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Neurobiol Aging. 2006 Feb;27(2):190-8. Epub 2005 Feb 17.

Insulin, insulin-degrading enzyme and amyloid-beta peptide in Alzheimer's disease: review and hypothesis.

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1
Department of Psychiatry, New England Medical Center and Tufts University School of Medicine, 150 Harrison Avenue, Rm 234, Boston, MA 02111, USA. wqiu@tufts-nemc.org

Abstract

Clinical and epidemiological studies have found that type 2 diabetes, and hyperinsulinaemia, increased the risk of developing Alzheimer's disease (AD) in the elderly. The link between hyperinsulinaemia and AD may be insulin-degrading enzyme (IDE). This enzyme degrades both insulin and amylin, peptides related to the pathology of type 2 diabetes, along with amyloid-beta peptide (Abeta), a short peptide found in excess in the AD brain. We review the current evidence, which suggests that hyperinsulinaemia may elevate Abeta through insulin's competition with Abeta for IDE. Genetic studies have also shown that IDE gene variations are associated with the clinical symptoms of AD as well as the risk of type 2 diabetes. The deficiency of IDE can be caused by genetic variation or by the diversion of IDE from the metabolism of Abeta to the metabolism of insulin. It is intriguing to notice that both hyperinsulinaemia and IDE gene variations are related to the risk of AD when the Apolipoprotein E4 (ApoE4) allele, the major risk factor of late-onset AD, is not present. Further studies of the role of IDE in the pathogenesis of AD, which may uncover potential treatment target, are much needed.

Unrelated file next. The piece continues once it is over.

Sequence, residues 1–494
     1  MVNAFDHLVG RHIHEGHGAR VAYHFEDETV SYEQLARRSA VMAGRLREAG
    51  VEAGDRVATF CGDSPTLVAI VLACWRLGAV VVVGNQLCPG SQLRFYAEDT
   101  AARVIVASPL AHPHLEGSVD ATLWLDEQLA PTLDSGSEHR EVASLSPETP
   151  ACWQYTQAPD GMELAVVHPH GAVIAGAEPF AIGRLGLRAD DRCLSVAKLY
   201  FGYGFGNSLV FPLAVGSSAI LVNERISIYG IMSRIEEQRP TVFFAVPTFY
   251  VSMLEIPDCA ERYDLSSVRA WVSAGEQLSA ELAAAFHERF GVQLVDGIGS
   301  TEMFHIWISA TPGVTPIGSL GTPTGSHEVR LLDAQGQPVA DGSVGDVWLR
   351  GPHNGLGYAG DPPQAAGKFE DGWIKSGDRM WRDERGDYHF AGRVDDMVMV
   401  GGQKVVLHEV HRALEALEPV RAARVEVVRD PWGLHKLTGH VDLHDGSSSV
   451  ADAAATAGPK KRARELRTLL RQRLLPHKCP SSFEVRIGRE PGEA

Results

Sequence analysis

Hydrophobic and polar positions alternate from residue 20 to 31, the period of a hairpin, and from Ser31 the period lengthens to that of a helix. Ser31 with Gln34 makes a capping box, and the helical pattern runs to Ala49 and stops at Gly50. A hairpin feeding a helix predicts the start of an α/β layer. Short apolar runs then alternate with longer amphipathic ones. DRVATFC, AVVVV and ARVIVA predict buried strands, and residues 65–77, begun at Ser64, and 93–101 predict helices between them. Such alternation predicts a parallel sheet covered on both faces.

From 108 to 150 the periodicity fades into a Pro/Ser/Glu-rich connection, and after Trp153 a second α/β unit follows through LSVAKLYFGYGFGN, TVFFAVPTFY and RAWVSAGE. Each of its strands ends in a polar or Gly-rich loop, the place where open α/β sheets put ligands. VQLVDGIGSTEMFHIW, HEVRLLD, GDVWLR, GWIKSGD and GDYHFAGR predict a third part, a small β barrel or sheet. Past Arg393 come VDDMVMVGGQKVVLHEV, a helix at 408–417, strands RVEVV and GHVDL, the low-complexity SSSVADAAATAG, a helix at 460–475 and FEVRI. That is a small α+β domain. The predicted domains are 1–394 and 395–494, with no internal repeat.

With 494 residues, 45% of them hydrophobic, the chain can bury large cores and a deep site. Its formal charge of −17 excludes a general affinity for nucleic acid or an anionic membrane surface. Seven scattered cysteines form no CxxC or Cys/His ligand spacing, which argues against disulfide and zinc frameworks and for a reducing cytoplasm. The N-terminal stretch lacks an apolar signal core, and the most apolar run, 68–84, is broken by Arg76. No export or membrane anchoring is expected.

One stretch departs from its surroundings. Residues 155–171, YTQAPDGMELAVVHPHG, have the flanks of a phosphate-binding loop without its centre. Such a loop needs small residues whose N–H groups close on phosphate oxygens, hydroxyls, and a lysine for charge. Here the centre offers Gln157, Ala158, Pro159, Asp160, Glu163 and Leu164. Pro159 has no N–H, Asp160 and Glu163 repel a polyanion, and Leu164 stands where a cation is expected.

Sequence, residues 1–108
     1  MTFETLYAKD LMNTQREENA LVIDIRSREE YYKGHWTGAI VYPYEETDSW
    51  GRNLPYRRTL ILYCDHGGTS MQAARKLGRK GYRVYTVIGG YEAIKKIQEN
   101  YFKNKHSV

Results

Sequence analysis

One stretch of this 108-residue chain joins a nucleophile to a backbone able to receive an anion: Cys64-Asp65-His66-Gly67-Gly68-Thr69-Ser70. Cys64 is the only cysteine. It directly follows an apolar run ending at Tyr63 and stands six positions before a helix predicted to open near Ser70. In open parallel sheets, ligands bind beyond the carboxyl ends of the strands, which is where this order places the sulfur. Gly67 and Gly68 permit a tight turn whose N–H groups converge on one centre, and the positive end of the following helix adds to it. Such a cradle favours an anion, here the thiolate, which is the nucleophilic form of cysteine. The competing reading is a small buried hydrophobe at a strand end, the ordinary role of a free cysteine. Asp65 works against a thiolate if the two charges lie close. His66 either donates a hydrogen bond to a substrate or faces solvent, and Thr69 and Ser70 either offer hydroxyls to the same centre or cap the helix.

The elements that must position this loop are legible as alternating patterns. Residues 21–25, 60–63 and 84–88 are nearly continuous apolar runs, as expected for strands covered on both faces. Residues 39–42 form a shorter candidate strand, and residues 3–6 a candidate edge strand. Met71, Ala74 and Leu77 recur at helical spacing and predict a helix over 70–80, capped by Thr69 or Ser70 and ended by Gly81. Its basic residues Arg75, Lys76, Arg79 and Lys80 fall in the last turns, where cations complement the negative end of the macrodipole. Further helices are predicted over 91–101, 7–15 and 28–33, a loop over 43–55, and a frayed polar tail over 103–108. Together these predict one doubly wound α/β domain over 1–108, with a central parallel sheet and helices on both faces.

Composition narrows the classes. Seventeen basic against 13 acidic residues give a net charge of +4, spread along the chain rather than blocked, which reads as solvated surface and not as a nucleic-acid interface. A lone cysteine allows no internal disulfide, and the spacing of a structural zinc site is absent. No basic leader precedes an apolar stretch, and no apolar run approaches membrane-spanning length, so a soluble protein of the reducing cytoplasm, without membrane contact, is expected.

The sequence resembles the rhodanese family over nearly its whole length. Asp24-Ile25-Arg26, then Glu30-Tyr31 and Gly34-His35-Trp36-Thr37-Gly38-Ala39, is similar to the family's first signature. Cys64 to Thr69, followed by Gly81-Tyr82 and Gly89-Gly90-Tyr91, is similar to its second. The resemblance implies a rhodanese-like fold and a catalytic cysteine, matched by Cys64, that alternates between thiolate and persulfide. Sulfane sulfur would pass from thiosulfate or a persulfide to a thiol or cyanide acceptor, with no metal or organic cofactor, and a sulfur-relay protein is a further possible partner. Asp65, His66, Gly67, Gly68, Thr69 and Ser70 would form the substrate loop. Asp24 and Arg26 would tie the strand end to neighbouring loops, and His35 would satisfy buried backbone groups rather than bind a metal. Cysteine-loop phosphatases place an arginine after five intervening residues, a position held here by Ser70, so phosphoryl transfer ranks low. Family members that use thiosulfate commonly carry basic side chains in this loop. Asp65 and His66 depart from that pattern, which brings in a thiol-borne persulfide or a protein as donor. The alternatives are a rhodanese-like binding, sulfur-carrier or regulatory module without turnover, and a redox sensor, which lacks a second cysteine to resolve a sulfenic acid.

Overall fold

[Indexed for MEDLINE]

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